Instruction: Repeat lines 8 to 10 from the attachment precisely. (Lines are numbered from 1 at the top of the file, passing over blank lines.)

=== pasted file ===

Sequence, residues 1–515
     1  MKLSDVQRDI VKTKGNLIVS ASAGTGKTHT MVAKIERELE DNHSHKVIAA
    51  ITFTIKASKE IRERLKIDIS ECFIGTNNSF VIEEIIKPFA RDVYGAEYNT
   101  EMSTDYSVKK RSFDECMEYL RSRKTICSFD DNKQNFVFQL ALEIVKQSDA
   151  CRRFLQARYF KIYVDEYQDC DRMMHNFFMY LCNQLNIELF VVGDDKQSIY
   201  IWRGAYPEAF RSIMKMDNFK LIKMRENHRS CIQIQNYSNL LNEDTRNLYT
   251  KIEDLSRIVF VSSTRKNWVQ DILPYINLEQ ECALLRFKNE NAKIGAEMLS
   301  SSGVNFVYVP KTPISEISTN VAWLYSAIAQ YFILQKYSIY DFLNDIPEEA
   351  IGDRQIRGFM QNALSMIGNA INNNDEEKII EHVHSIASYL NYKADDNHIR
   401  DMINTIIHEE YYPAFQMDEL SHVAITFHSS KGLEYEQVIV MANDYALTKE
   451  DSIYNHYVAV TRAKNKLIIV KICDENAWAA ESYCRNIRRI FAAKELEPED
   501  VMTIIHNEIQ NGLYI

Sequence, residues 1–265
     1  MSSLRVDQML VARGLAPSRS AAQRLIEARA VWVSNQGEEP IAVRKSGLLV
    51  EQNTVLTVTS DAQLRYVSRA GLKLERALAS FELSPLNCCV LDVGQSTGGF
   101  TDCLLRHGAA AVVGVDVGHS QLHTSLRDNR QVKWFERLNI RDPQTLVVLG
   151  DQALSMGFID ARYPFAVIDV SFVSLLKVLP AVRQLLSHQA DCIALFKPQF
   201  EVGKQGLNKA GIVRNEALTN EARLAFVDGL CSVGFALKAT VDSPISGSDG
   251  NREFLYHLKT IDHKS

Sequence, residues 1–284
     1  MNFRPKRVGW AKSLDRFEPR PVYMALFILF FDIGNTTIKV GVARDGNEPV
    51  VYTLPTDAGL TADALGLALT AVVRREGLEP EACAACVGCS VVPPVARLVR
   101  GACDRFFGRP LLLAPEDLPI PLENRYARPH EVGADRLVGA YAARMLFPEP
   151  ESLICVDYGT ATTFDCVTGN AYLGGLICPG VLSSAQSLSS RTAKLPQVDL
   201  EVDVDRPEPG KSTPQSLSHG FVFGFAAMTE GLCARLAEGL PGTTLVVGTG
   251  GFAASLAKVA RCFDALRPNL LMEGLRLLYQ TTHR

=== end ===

   301  SSGVNFVYVP KTPISEISTN VAWLYSAIAQ YFILQKYSIY DFLNDIPEEA
   351  IGDRQIRGFM QNALSMIGNA INNNDEEKII EHVHSIASYL NYKADDNHIR
   401  DMINTIIHEE YYPAFQMDEL SHVAITFHSS KGLEYEQVIV MANDYALTKE